Until recently, access to the internet in Cuba has been limited. The Cuban government is changing that by making WiFi hotspots increasingly accessible.
CCTV America’s Franc Contreras reports from Havana.
Follow Franc Contreras on Twitter @FrancMex
Cuban government increases WiFi coverageUntil recently, access to the internet in Cuba has been limited. The Cuban government is changing that by making WiFi hotspots increasingly accessible. CCTV America’s Franc Contreras reports from Havana.
Last year, the Cuban government began setting up WiFi hotspots around the country. Before that, access to the internet on this island nation was primarily limited to government officials and tourists.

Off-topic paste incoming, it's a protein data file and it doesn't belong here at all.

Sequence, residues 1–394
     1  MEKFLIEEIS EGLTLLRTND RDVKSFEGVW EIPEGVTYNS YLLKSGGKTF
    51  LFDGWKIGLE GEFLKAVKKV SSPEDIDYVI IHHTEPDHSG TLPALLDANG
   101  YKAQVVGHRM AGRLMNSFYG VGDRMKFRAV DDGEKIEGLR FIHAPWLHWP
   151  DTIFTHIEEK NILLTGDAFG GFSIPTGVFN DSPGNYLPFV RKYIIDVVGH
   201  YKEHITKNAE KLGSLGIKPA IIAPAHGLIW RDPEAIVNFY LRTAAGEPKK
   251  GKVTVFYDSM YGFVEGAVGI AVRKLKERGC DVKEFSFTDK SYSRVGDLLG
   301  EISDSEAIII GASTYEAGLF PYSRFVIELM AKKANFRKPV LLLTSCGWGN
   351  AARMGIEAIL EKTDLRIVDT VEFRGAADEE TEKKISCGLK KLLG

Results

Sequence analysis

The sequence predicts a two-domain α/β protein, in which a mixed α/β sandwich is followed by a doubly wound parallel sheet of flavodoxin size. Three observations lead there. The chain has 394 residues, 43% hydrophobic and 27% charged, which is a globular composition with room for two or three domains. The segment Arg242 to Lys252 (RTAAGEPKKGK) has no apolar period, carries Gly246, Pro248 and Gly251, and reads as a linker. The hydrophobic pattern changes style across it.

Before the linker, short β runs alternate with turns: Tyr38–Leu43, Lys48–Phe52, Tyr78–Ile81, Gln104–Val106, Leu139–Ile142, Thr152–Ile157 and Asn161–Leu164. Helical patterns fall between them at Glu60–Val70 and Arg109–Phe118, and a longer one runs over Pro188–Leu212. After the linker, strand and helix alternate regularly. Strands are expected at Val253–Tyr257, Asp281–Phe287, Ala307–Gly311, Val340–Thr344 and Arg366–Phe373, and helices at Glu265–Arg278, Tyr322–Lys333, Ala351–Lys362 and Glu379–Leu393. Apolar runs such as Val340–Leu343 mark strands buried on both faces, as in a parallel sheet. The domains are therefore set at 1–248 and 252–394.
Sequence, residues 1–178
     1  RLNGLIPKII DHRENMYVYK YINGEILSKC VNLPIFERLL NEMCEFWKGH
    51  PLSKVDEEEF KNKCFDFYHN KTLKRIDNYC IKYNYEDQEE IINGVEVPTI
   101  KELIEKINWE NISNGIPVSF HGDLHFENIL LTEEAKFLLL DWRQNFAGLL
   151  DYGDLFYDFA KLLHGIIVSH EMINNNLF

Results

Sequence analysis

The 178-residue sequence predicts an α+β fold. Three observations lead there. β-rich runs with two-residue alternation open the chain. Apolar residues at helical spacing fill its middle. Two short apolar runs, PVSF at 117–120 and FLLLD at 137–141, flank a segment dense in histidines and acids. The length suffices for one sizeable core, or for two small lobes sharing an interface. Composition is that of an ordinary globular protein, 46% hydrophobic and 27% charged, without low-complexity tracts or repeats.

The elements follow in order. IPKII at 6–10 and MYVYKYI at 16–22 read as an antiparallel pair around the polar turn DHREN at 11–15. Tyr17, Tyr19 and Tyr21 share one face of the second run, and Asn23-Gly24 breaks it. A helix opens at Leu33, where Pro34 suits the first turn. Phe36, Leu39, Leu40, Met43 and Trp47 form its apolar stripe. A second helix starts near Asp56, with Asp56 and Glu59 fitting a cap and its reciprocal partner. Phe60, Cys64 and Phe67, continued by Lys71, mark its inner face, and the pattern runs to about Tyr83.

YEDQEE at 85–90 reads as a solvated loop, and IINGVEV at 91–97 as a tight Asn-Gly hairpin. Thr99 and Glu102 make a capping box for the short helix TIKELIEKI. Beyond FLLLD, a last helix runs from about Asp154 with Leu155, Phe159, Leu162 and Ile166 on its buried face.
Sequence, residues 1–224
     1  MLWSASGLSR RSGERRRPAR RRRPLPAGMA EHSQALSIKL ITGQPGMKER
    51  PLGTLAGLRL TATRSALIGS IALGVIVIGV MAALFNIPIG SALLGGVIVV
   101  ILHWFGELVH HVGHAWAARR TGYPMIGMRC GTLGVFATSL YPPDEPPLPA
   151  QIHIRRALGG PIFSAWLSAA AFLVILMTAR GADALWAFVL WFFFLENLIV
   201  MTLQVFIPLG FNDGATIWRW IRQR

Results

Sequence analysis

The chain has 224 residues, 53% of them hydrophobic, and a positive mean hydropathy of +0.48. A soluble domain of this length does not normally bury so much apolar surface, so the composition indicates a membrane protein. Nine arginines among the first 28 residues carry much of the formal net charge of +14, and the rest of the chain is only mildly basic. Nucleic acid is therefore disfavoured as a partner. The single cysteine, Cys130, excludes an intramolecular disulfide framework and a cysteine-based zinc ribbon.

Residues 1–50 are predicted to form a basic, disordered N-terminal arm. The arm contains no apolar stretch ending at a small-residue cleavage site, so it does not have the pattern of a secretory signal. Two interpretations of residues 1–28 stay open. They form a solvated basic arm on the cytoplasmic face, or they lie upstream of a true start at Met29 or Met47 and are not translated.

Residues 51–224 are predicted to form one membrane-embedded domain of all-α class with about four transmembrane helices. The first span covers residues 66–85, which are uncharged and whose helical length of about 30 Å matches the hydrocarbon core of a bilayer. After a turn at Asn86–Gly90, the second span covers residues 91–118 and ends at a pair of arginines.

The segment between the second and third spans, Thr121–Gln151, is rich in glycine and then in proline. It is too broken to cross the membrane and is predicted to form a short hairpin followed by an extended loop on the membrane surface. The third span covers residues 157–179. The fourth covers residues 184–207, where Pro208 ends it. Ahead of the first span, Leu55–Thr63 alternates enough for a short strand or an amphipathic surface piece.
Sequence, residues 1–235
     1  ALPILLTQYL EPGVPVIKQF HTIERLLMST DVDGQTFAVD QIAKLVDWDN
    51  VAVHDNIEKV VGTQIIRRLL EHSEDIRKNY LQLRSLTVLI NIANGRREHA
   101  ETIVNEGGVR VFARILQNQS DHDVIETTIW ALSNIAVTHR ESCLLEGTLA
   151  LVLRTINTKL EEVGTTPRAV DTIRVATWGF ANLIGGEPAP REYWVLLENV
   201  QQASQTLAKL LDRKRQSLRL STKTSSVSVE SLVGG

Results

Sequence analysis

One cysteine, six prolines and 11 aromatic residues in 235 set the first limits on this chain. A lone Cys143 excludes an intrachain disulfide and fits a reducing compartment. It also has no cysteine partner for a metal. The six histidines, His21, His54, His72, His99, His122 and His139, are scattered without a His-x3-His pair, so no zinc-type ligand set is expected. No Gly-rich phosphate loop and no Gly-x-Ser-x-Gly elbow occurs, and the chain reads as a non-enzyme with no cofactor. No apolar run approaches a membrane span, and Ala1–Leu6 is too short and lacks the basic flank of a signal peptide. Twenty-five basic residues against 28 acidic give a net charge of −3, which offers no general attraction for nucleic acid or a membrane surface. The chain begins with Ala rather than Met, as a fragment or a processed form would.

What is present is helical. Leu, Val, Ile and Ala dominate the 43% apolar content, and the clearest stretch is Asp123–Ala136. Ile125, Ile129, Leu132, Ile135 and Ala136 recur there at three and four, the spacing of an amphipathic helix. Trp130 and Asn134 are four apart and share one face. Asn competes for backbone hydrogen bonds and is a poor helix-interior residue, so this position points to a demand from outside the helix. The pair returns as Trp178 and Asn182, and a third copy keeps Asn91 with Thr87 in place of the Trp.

Even with this change, Cuba still has one of the lowest numbers of internet users in the world. There are few smartphones. Most computers here are old and much of the software is pirated.
The Cuban government’s telecommunications company, Etecsa, is the only internet service provider here. It sets up antennas in public places.
The presence of the internet in Cuba has sparked sales of black market access cards.
This anonymous vendor buys the cards for a little over $2 a piece and sells them for a little more than $3, putting his earnings way over the top of minimum wage.
Virtually everyone we spoke with for this story is using some kind of social media to talk about the death of Fidel Castro. But most people did not want to say exactly how they are doing that.
What is clear is that online access in this Communist nation appears to be growing.
Ted Henken on the generation gap in Cuba
For details on the divide between Cuban Millennials and the older generation, including their views about Castro, CCTV America’s Karina Huber spoke with Ted Henken, a professor at Baruch College.